The other day, as I sat in my brown recliner clicking through various political talk shows, I discovered that just about the only thing politicians could agree on seemed to be “closing loopholes.” It was unanimous. “Loopholes” are bad. Not a dissenter in the house. But what they say on talk shows doesn’t always match up with their actions.

Being generally curious about words and their usage, I pulled my American Heritage Dictionary from the bookshelf and looked up the word loophole. According to the wordsmiths, loophole means: “an omission or ambiguity in the wording of a contract or law that allows one to evade compliance.” True enough, but the definition leaves out the element of the potential for human suffering when such careless lawmaking puts the rights of violent criminals about the rights of the general public.   When we look closer at specific loopholes in California law, especially when they concern crime and public safety, we find that such omissions and ambiguities in the law can have devastating impacts and change lives forever.

One such loophole is threatening the safety of students, employees and their children and visitors to our college campuses. Existing state law requires a convicted sex offender to register with their local chief of police or sheriff, and with the chief of police of a campus of the University of California, the California State University, or community college only if the offender resides within campus boundaries. However, if the convicted sex offender is affiliated with the school, but lives off-campus, he or she doesn’t have to register with campus police. These convicted offenders may be entrusted with positions (i.e., tutoring, childcare, child development classes) that can put innocent adults and children at risk. There is at least one pending lawsuit against a community college brought by a victim of sexual abuse because the campus police was unaware of the predator’s presence.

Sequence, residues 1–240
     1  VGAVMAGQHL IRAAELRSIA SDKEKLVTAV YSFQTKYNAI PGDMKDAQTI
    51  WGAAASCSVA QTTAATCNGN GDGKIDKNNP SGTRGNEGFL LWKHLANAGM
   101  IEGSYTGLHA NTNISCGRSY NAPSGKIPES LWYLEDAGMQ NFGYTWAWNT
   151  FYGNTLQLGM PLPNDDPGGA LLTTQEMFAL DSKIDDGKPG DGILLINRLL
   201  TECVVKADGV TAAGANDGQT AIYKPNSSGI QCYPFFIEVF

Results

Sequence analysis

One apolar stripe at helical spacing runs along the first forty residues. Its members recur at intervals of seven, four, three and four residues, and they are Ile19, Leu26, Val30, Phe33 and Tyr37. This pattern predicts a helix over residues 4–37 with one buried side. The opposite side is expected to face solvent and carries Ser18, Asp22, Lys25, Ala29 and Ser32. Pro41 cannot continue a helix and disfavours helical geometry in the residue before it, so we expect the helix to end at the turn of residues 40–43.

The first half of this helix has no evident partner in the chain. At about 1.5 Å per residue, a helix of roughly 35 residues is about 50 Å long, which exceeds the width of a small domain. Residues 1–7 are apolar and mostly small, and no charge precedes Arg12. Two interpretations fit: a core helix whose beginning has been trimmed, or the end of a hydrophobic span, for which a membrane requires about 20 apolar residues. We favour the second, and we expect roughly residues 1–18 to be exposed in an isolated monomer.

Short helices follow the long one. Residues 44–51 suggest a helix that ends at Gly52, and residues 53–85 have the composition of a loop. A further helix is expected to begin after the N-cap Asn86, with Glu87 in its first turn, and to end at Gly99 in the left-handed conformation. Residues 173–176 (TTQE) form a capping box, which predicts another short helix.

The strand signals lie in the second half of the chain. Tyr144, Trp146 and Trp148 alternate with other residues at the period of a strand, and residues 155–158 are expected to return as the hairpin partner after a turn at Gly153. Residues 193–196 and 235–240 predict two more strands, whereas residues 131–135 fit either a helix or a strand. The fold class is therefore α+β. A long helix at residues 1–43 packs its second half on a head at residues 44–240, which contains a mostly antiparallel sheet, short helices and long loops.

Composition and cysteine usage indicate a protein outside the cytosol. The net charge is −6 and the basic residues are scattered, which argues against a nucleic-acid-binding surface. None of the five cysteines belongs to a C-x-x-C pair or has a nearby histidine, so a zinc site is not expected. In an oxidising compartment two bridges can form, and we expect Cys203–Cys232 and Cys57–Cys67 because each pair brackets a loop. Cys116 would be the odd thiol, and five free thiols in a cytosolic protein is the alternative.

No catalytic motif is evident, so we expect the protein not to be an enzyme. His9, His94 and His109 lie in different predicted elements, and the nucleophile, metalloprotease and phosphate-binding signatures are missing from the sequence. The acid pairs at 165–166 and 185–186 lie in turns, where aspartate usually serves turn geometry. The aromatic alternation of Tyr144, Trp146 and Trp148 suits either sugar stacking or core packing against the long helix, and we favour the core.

For the last several years, Assemblywoman Bates and Assemblyman Pescetti have tried to close this dangerous loophole in the law by requiring every convicted sex offender affiliated with any University, state college, or community college to register with campus police. Both AB 1091 (Bates) of 1999 and AB 2072 (Pescetti) of 2000 were killed in Assembly Appropriations Committee. However, it appears that the momentum has shifted. Two similar bills, AB 4 (Bates) and AB 703 (Cardoza) passed the Assembly floor during the last two weeks.

Why is the Legislature finally acting on this important issue? The answer appears to be that a threat by the federal government to cut off crime-fighting funds has finally convinced state legislators to enact this common sense law. Recently enacted federal law HR 3244 requires that states adopt measures to additionally require registered sex offenders to register with the law enforcement of a higher education institution if the offender is a student or an employee of the institution. HR 3244 provides that any state that does not conform its law will lose 10% of federal funds provided under the Omnibus Crime Control and Safe Streets Act of 1968. Our state risks losing $5.5 million if we do not act.

But the California Legislature does not appear to be in any hurry to enact this new law. As currently written, if AB 4 or AB 703 were signed by the Governor the provisions would take effect on July 1, 2002. All other non-urgent bills take effect on January 1, 2002. Why delay for six months? Don’t we want our campus police to monitor sex offenders now? If the Legislature is serious about protecting the safety of students, employees and their children, and visitors on college campuses, they should amend AB 4 and AB 703 with an urgency clause. The State Constitution provides that a bill with an urgency clause and that passes with the votes of 2/3rds of the Assembly and State Senate takes effect immediately upon the Governor’s signature. The time for action is now.

June 22. 2001

Postscript: Governor Davis signed AB 4 (Bates) into law.